Debunking the 20 Mins Fat-Burning Myth
This article was first written by me like 16 years ago. I am republishing as the above-mentioned myth never ceases to end (often heard from people who have read somewhere or from some half-baked expert).
Here's the theory:
Many exercises attempt to do at least 20 mins of cardio because they believe that the 'fat-burning' process only starts to kick in after that, when the glycogen (sugar) stores is depleting/depleted and is 'switching to fat for fuel'. They called this 'Fat-burning zone'.
Now, this theory is a myth! It is no surprise here that so many people exercising in the 'fat-burning zone' are not getting the results they want.
Here is the fact:
Fat is used as fuel right from the start of the any exercise. In fact, the primary fuel (60-80%, depending on many factors) at rest and during low intensity activities is fat! Our body burns fat 24 hours a day, 7 days a week. To say that fat starts burning after the glycogen is used up after 20 mins is a total myth, because the latter gets depleted only after at least 50-120 mins of hard work
There is no 'switching system' in our body that could turn on fat or sugar at specified time or certain exercise. Our body burns both fat and sugar all the time! It is a matter of predominance of fuel used at different intensities.
What really happen is this:
At rest, we burn about 60-80% fat and 20-40% sugar
At low intensity exercise / easy activity: 50% fat, 50% sugar
At moderate intensity exercise: 40% fat, 60% sugar
At high intensity exercise: 20-30% fat, 70-80% sugar.
What? I am burning up to 80% fat at rest? That sounds great!
From the above, it seems logical to be a couch potatoes or engage in very low intensity exercise to enjoy the wonderful benefit of 'fat-burning'? Hang on there, and don't get all too excited yet, you need to know more.
The key to losing bodyfat is to maximise the calories you burned, rather than selecting fat as the main fuel choice. The more calories you burned the more fat you will burn. Let's do a simple math here, based on the same activity levels above.
Using 15 mins as standard duration, lets see how much fat is being burned at different levels of intensity from the amount of calories used (note: the actual amount of calories burned also depend on the exerciser weight and actual intensity of the exercise):
At rest, for example: using up 12kcal and of which is 70% fat: you burned about 12x 0.7 = a measly 8kcal of fat!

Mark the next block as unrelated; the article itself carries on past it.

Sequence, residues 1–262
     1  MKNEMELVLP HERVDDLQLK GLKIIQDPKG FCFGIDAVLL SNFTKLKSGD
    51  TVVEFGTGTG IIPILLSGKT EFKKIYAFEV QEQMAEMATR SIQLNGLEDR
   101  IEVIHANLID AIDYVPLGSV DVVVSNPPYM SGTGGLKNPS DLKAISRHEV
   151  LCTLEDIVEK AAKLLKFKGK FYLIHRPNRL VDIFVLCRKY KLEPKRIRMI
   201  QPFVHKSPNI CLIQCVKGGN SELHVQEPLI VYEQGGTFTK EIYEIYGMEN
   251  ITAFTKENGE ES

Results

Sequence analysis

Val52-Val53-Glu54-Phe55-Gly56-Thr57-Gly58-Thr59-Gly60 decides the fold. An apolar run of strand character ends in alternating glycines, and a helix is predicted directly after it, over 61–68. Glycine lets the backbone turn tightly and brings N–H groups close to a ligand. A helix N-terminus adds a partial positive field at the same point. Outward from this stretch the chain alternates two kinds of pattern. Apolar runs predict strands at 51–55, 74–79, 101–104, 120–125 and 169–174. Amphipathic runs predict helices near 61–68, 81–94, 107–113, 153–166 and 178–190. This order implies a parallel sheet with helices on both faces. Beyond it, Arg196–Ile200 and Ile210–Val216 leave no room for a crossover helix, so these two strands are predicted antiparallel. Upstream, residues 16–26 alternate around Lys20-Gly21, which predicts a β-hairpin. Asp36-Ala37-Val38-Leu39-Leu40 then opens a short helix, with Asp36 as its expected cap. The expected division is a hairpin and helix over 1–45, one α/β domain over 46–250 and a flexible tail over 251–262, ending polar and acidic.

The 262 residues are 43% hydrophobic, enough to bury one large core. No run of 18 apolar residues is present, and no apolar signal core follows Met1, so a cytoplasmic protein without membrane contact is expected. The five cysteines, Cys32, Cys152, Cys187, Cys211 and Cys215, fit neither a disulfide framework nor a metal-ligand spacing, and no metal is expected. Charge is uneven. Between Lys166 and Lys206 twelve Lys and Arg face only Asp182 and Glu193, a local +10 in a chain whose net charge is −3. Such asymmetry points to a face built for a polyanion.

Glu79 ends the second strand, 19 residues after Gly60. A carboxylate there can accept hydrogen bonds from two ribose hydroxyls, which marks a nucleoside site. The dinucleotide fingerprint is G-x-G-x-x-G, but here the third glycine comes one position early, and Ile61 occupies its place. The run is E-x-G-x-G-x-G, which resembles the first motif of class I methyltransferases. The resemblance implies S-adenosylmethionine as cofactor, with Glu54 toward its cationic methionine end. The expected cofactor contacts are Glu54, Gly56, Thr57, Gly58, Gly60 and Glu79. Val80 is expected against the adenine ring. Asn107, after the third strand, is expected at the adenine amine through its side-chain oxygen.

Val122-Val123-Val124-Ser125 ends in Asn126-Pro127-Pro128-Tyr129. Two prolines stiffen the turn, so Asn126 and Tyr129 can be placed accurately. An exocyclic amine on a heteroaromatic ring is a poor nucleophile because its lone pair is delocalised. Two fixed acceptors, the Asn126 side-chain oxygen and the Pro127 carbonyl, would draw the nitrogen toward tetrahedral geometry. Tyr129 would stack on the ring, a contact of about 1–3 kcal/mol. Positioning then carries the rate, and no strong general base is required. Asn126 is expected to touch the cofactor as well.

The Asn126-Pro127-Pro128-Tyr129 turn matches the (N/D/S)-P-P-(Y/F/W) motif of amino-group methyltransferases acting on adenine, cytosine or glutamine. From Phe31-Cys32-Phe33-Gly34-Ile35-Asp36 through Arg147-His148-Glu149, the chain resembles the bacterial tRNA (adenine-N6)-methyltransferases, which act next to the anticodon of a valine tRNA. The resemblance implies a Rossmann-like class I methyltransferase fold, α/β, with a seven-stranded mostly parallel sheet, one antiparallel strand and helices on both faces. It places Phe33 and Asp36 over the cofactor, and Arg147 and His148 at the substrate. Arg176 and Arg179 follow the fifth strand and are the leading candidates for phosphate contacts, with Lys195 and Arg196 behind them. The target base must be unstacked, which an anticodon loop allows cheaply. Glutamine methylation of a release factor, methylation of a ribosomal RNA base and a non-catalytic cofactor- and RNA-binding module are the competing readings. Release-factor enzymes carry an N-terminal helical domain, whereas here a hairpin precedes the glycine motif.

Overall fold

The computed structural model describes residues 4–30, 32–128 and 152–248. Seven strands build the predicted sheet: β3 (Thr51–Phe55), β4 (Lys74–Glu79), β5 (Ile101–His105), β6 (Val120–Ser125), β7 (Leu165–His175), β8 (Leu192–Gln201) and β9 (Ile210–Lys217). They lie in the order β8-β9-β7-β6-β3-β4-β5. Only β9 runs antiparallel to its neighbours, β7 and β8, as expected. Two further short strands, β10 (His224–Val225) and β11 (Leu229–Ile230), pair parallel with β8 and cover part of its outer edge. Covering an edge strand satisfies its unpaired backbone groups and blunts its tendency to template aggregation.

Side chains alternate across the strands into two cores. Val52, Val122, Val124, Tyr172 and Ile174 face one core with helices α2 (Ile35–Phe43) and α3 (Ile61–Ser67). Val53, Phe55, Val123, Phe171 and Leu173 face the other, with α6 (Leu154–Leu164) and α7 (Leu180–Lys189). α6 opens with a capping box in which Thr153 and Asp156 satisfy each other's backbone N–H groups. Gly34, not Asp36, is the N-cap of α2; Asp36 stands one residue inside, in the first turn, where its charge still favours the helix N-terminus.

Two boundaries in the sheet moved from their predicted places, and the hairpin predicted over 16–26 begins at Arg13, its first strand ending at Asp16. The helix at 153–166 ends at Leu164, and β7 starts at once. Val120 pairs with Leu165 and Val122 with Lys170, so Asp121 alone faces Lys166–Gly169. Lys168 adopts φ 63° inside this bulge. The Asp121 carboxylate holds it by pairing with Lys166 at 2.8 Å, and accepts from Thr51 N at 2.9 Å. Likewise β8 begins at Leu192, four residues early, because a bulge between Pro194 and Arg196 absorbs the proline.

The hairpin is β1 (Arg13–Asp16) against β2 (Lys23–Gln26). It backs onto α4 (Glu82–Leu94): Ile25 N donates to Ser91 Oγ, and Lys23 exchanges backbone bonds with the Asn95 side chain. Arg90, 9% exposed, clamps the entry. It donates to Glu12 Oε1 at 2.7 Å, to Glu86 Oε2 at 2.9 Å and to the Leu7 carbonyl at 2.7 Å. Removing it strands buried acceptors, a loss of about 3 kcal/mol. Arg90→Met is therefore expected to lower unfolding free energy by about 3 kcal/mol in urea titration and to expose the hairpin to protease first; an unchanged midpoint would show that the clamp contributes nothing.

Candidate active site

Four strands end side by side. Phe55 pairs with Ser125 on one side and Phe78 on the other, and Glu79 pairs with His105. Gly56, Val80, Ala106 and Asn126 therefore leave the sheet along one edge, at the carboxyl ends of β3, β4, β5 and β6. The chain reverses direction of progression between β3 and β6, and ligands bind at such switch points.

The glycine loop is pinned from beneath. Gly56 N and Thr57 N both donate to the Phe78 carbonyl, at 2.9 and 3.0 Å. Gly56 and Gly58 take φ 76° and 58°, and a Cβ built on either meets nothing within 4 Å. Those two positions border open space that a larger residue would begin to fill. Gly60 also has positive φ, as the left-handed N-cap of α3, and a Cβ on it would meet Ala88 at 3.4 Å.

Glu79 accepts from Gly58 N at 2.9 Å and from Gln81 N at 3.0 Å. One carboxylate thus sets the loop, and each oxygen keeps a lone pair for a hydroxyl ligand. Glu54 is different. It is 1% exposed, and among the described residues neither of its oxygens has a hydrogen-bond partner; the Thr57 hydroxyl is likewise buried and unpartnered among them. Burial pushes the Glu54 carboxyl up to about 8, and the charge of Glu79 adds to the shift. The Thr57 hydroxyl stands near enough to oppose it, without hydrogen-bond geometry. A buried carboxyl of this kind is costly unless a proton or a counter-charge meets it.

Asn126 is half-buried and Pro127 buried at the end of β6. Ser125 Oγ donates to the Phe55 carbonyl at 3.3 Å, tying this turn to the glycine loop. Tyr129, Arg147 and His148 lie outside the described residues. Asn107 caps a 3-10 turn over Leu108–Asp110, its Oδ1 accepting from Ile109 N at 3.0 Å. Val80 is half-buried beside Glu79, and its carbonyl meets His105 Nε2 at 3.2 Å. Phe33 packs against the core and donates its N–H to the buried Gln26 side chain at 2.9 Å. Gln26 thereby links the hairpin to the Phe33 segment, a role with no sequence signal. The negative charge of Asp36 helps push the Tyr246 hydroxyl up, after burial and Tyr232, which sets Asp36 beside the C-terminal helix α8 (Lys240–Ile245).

At low intensity exercise / easy activity, for example: using up 50kcal and of which is 50% fat: you burned about 50 x 0.5 = a fair 25kcal of fat.
At moderate intensity exercise, for example: using up 90kcal and of which is 40% fat: you burned about 90 x 0.4 = a good 36kcal of fat.
At high intensity exercise for example: using up 150kcal and of which is only 30% fat: you burned about 150 x 0.3 = a whopping 45kcal of fat! This is almost 6x the amount of fat burned compared to the resting state!
From the examples above, it is obvious that you won't burn a whole lot of fat doing low-intensity workouts. High-intensity exercise is the best way to go if you want to burn the most fat! That is not all! Once you finished training, you'll continue to burn more calories - and most of them all fat calories! This is called excess postexercise oxygen consumption (EPOC), this allows you to burn fat long after you've left the gym, allowing you to potentially burn up to hundreds of unwanted fat calories. Exercising at low-intensity doesn't give you the same advantage. With so many advantages, it is no surprise why HIIT is so popular nowadays
The point I'm putting across to you is this: you don't need to exercise AT LEAST 20 mins to 'mobilize the fat' nor 'stay in the fat-burning zone'. You should strive to maximise the calorie expenditure in each workout through high intensity workouts, sometimes taking longer, sometimes shorter than 20 mins.
I am also not saying that exercising at low/moderate intensity is bad for you. In fact, for certain group of people, exercising at such lower intensities is the only way to go. It all depends on your objectives, capability and preferences. That is why you should hire a good personal trainer Singapore to help you out on a customised fitness program.
One more point, high intensity may mean different things for different people. For some unfit people, it can be as simple as activities like brisk walking. For those who are superfit, it can be running at 14kph or more. Not understanding this can lead to exercise beyond your capability and can do more harm than good.